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The Making of Unlocking the Heart of Adoption
by Sheila Ganz

(Updated from the published version in adoption newsletters Chain Of Life published by Janine Baer, author of Growing in the Dark, and The Communicator of Concerned United Birthparents, 1997.)

When I drove across the Bay Bridge from San Francisco to Berkeley in May 1988, I knew I was embarking on a great adventure.  I was off to record the life stories of adoptees, birthparents and adoptive parents in closed, open and transracial adoptions.  I wanted to show the depth of the impact relinquishment and adoption has on people in the adoption triad that I’d heard described in many adoption support groups.  I am a birthmother.  In 1969, the stigma of being an unwed mother prevented my parents and the social worker from helping me keep my daughter.  Losing my baby to adoption felt like an amputation.

My desire to make the film was fueled by a need to portray the truth of adoption triad members' experiences to the world.  I want people to know that adoption isn't a 'simple solution' to unplanned pregnancy and infertility.  I wanted to show the impact of  closed adoption record laws, the dilemma of adoptees, they two families – one by birth and one by adoption, the prejudice against unwed mothers and the fact that they never forget their relinquished child, and the issues involved in raising an adopted child.  I want Unlocking the Heart of Adoption to liberate us from the shackles of silence and shame - to come into the light of openness and honesty in adoption.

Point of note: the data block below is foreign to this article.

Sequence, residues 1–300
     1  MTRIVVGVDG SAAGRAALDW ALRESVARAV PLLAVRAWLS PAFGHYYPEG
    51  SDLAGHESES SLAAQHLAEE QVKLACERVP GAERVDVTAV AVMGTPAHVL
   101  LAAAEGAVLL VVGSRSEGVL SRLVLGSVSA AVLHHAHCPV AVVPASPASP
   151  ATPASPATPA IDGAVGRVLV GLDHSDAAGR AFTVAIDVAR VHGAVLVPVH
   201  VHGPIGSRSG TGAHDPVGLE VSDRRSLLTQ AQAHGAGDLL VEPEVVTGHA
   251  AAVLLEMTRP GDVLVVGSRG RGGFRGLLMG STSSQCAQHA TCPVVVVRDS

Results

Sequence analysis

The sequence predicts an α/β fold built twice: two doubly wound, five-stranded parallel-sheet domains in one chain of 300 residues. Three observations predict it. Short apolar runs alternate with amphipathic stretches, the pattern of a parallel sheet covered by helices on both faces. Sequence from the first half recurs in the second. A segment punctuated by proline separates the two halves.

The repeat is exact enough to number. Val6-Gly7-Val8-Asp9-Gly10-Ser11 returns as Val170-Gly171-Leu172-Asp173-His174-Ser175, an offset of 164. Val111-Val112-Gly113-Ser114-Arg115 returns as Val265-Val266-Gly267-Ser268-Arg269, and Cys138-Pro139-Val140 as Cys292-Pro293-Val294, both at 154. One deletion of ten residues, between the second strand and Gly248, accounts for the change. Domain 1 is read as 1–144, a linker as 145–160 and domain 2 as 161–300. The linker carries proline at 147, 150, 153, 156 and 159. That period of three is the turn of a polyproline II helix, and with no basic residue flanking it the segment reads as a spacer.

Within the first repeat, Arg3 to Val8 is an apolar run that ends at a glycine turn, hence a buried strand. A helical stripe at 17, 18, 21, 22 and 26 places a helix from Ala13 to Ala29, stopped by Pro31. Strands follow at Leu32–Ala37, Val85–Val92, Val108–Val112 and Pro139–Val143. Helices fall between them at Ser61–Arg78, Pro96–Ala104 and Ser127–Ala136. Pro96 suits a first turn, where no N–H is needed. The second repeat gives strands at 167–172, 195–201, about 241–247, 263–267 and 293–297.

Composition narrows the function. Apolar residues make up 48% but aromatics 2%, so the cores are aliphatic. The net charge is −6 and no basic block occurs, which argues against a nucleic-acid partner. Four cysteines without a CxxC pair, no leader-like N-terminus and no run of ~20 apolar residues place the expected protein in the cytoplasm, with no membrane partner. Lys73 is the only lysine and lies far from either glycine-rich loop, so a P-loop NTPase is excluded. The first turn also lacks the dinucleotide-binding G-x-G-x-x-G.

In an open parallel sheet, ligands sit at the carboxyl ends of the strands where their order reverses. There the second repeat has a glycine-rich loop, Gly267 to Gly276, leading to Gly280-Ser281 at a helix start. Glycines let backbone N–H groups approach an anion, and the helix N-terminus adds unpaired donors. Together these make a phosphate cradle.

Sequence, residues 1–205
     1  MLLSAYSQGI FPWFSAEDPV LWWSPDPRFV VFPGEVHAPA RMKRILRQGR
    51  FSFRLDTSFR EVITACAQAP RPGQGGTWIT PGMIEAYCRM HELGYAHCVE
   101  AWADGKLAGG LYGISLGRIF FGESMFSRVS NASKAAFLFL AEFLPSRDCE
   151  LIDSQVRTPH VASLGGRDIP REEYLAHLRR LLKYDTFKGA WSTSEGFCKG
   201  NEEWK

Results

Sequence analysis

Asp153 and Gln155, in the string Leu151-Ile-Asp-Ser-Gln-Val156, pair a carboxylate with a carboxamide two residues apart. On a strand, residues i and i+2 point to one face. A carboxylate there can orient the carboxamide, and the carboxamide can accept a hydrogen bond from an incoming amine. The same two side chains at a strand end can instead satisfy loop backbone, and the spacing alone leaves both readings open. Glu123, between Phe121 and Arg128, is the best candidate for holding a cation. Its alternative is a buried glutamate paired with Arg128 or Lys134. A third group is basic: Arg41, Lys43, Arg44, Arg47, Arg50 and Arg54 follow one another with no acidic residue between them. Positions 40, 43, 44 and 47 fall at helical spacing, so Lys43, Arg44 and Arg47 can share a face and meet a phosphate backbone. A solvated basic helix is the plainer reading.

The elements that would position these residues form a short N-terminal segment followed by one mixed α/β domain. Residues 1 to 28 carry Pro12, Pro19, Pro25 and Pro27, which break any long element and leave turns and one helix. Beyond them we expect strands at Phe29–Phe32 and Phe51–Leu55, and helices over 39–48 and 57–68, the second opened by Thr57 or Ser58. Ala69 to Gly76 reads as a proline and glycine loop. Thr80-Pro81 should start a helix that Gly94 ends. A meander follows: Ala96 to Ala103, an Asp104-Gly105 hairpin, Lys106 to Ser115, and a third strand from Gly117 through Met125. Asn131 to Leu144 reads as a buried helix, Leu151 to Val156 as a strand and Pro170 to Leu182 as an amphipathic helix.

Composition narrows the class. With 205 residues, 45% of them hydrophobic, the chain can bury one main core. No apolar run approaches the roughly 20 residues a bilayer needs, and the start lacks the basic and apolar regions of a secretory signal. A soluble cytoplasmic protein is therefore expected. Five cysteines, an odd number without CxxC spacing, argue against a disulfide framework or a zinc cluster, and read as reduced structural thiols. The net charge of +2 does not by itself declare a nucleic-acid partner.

Two months after I began work on the film, my fondest dream came true.  I found my daughter.  She was 19.  We met once and then some months later she broke off contact.  I always held out hope for the future.   After the film was completed, I called her to tell her and she was open to talking to me.  She was happy to hear things were going well and congratulated me on finishing the film, and she told me she was married and has three beautiful children.   I told her I am happy for her that she has a good life.  We are now building a relationship.

In 1989, I received fiscal sponsorship for the project from Film Arts Foundation, the largest regional organization for independent film and video-makers in the country.  FAF became my film school.  I’ve taken just about all of their documentary workshops and seminars.

Since I couldn’t to pay someone to shoot and edit my film, I learned to do it myself.  As an alumni at San Francisco State, I had access to the video editing equipment in the library and taught myself to edit.